(Jon) #12

Actually I don’t believe you will find any evidence for a real afterlife in heaven in the Old Testament. This is not what we would expect if the Pentateuch dated to the Persian era.

Why?

I think you’ve jumped the shark on this one.


#13

If that were true, you would have a pretty difficult time explaining why Nehemiah 7:61-65 even exists. Why should lineage matter? Why are there 12 (+1) tribes and where did they come from?


(George Brooks) #14

@Jonathan_Burke,

The Persian influence on Judaism was not instantanteous.

  1. First there was the influence against images and idols.

  2. Then there was the influence on PURITY; Persian notions of purity, while not identical to Hebrew rules, are quite vivid - - and it is easy to see how these rules were to some extent emulated and promulgated in Exodus/Leviticus.

  3. Angels come in somewhere in here … the Zoroastrian priests made all sorts of minor deities into “angels” in order to satisfy the monotheism of Zoroaster. This process repeats itself in Judaism.

  4. The Persian concept of a priestly monopoly OWNING the cult also becomes quite clear in Judaism. While all the ancient religions were prone to pass priestly office down to the children … it was the Persian FIXATION on inheritance which kept the monopoly in their hands. To this day, there are Zoroastrian communities that insist you must be BORN a Zoroastrian … there is no way to MARRY INTO Zoroastrianism.

  5. Jewish priestly apparel includes a “trouser” like shorts (under shorts) - - which is an emulation of the Magi who wore full-length trousers.

  6. The use of ashes to SPIRITUALLY PURIFY is a Persian practice; Rabbi’s and bible scholars are constantly ducking and weaving to avoid having to find the root of this practice in only one culture - - the Persians (< coming in from Indian practices).

  7. As evidence of how influences can become staggered … the practice of drying out a corpse body in a sepulcher, and then gathering the bones together … this is clearly a Persian practice. This practice is seen in the Holy Land for just 150 to 250 years … long after Alexander had taken over the Persian Empire. I do not know what triggered its sudden popularity in Palestine.

  8. And then we have the Essenes! The Essene practice of covering up their bathroom rituals … from the sacred view of the Sun - - EXTREMELY PERSIAN practice. Essenes are essentially JEWISH practitioners of the most extreme of the Persian purity rules.


(Jon) #15

Agreed. This is not good evidence for a Persian era composition of Genesis 1-11.

It was also repeatedly breached in Judaism.

Levites wore shorts because the Persian Magi wore trousers. Seriously?

I need evidence for this.

This is not evidence for the Persian era composition of the Pentateuch.

Far too late. The Pentateuch was not composed in the era of the Essenes.


#16

Now, how is it that we are certain that the Hebrews ripped off the Persians and not vice versa?


(George Brooks) #17

Name ANY other PRE-Persian contact culture that had trousers?

Name ANY other PRE-Persian contact that put the priesthood into an ETHNIC MONOPOLY?

I’ve been working on digging up the Persian background on the use of ashes as a “spiritual detergent” !

There is no basis for discounting the Persian influence on burial practices just because the influence was not instantaneous. I bring up the influence of treatment of corpses and bones as evidence that the Persian influence WAS real - - even when we wouldn’t have expected it to have any force at all (long after Alexander’s arrival).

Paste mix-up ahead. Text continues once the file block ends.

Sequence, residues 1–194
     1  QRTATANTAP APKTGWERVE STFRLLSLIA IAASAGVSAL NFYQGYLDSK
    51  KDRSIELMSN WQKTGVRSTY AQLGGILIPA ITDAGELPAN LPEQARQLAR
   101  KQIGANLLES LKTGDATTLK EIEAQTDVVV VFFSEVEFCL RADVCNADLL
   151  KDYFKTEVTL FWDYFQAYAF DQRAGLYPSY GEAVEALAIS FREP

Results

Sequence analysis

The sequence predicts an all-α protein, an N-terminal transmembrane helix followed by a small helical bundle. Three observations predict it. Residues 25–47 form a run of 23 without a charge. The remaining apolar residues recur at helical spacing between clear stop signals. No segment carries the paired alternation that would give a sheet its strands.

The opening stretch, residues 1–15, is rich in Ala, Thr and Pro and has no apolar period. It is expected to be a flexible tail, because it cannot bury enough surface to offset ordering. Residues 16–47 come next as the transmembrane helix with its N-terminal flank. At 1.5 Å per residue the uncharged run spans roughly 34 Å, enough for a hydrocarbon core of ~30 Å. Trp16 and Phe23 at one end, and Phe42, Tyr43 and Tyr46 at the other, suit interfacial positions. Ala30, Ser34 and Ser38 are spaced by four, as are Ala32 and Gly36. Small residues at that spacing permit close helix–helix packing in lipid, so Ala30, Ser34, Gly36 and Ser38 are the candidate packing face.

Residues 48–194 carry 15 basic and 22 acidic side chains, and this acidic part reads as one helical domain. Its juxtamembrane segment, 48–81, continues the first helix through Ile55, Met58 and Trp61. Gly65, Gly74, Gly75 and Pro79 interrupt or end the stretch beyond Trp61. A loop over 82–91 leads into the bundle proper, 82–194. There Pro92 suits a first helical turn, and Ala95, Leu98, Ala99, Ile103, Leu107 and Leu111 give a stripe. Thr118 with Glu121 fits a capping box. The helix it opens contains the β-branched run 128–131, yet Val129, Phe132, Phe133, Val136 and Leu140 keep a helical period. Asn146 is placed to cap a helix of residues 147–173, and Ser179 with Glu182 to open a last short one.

I forgot to mention that while the ancient religions of the region all had a role for Snakes … and even ELEVATING snakes into exemplars of FERTILITY, WISDOM and IMMORTALITY (!!!) - - ONLY the Persians and the Jews made KILLING snakes into a tradition of Nobility. The Magi priests taught that killing snakes was a “good deed”.

In fact, I am remiss in pointing out the most important commonality between Persian metaphysics and Hebrew: both religions adopted the Cosmic view of an eternal struggle between the powers of Evil and the Powers of Good. It is this EXTREME DUALISM that took the rather mellow metaphysics of the Egyptians (which appears to be the source of Gnostic views about emanations and powers) – and turned it into a zealous combat against EVIL and the DARK POWERS (which reflects the mentality of the Christian Gnostic sects that eventually emerged).

The Cosmos filled with ANGELS and the POWERS OF SATAN vs. THE GODHEAD is not an Egyptian worldview - - - it is a Persian one.


#18

And why is it that the Egyptians have influence and the Persians have influence but these poor Hebrews are a cultural tabula rasa upon which other cultures write but that have no ability to influence any other culture? Why are the biblical documents always the result of other documents and never the source material?

I’m just wondering what specific criteria are used to determine these starting points?


(GJDS) #19

These discussions may not acknowledge an important historical fact, which is the Hebrews practiced the faith of Abraham for many centuries before the captivity, and had records as well as practices. It makes sense to me, that when such a crisis as mass displacement took place, the leaders of Israel would take steps that would protect and continue the faith that was central to the national identify of Israel, and also to ensure they did not repeat their mistakes regarding faith in God. This is important background to appreciating the effort undertaken to write and record the events and lessons we find in the OT.


(Jon) #20

The Elephantine papyri are very useful in this regard.